"The High Uintas," he said, "are definitely one of a kind."
On a striking Sunday afternoon on Memorial Day weekend, campers, cyclists, motorcyclists and even horseback riders took to the Mirror Lake Highway, which opened for business Friday morning, an early impromptu kickoff to the summer season in the Beehive State.
Bartlett said he long planned to go camping in the Christmas Meadows area and ride his bike along the highway. After his first taste of the mystifying climate, the Midwesterner said he's planning on going back next weekend this time with his snowboard.
"What we call a mountain there is about 500 feet," he said.
Amanda Lee and Kevin Dubler, of Sunset, planned to make the trek to central Utah to visit their favorite adventure spot: the Little Sahara sand dunes.
Instead, instinct took over. Dubler had hiked and camped along Mirror Lake Highway as a kid, so they brought the family, the motorbikes, the ATVs, even the dog.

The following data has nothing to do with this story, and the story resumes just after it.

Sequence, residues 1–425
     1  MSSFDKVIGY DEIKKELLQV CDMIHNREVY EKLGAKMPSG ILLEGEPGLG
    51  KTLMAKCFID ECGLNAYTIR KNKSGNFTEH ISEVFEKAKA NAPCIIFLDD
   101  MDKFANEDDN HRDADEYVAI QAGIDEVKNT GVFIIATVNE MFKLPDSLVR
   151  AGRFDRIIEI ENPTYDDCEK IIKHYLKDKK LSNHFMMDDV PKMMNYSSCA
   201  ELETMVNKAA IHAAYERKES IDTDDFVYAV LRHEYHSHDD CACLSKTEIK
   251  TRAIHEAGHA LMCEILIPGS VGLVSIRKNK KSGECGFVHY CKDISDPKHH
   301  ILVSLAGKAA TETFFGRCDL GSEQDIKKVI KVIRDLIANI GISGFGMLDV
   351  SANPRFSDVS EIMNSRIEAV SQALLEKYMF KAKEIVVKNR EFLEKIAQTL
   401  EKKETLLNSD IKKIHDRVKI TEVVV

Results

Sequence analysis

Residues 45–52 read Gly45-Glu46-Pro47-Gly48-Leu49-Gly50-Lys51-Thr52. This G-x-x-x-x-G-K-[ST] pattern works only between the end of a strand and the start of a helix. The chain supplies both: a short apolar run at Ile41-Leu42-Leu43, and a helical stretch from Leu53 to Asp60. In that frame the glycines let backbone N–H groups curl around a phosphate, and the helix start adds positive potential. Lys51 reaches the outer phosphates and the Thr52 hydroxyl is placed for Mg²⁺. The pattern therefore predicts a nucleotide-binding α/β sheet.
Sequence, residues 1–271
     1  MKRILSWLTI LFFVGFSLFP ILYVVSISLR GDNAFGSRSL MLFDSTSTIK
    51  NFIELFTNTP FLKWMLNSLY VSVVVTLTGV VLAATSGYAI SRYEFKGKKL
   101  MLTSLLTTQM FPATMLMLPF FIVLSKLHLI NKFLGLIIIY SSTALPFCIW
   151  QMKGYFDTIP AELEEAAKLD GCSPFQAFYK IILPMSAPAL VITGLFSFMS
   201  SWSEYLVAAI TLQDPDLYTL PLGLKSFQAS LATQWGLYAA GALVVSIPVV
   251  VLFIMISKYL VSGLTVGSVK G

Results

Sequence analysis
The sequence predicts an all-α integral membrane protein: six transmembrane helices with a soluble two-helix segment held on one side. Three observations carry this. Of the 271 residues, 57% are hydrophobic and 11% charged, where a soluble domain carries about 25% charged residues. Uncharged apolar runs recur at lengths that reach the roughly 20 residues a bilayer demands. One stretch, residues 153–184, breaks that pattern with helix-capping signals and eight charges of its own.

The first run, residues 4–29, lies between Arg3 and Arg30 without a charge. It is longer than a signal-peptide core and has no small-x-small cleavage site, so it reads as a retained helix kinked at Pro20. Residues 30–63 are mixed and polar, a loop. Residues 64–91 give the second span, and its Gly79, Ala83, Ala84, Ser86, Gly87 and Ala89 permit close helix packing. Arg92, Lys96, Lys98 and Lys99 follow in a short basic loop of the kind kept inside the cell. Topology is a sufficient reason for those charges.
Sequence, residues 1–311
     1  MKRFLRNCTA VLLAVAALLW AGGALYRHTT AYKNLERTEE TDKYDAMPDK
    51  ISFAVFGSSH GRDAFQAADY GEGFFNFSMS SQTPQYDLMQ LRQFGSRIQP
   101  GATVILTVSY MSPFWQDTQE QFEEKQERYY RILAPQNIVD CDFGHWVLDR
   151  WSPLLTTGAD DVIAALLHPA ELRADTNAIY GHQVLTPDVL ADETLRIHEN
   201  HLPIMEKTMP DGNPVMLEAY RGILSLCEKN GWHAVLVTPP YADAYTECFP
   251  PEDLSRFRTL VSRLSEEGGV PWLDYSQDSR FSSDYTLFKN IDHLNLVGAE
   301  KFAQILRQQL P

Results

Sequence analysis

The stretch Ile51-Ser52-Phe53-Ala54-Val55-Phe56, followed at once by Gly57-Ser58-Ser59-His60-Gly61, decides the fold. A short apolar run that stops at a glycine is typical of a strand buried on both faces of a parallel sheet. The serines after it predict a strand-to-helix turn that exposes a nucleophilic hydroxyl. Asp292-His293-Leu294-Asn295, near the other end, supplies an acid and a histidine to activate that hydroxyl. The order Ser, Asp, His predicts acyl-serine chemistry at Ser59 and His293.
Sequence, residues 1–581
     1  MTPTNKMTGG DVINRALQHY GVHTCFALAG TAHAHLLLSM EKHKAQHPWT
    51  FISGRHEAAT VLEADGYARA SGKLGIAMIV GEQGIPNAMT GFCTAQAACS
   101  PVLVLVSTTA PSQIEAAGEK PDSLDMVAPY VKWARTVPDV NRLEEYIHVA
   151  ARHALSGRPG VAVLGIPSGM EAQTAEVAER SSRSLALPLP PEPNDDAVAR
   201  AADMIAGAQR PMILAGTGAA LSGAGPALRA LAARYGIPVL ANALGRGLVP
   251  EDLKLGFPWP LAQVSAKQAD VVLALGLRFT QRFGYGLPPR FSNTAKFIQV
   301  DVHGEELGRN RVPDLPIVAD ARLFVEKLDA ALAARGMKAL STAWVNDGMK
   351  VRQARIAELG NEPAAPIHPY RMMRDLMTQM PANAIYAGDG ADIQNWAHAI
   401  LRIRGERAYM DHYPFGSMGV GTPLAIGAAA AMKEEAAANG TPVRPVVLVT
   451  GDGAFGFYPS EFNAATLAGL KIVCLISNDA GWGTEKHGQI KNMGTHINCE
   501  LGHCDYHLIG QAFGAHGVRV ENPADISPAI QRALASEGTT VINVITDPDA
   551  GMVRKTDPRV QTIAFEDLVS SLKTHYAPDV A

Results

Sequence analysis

"Just winging it," Lee said.
They arrived at their spot near Yellow Pine campground Friday and trudged through a rushing Provo River on their ATVs and even saw a moose wandering along the road a few miles away.
"This year we decided to try something different," Dubler said.
Dave Warner, of Fort Collins, Colo., was doing the same.
Warner's wife works at the Wyoming State Hospital in Evanston, so the pair decided to make a Sunday drive and took in the roaring Provo River Falls churning out loud, brown winter runoff.
"My wife was on call yesterday and she's working tomorrow," he said, "so this was our day to spend outside."
Pleasant Grove resident Jared Peterson returned to the place he attended Scout camp as a boy on Washington Lake. Decked out in full fly-fishing attire, he didn't have much success on a thawing Lost Lake amid whipping winds synonymous with the High Uintas.
"Just wanted to come up and get some mountain air," he said.
Like Peterson, Ruthann Haycock, of Salt Lake City, camped and hiked around Mirror Lake Highway when she was young. Now, she looked at Memorial Day weekend as an opportunity to show her sons the breathtaking views and wildlife.
"And," she said, "getting them away from the video games."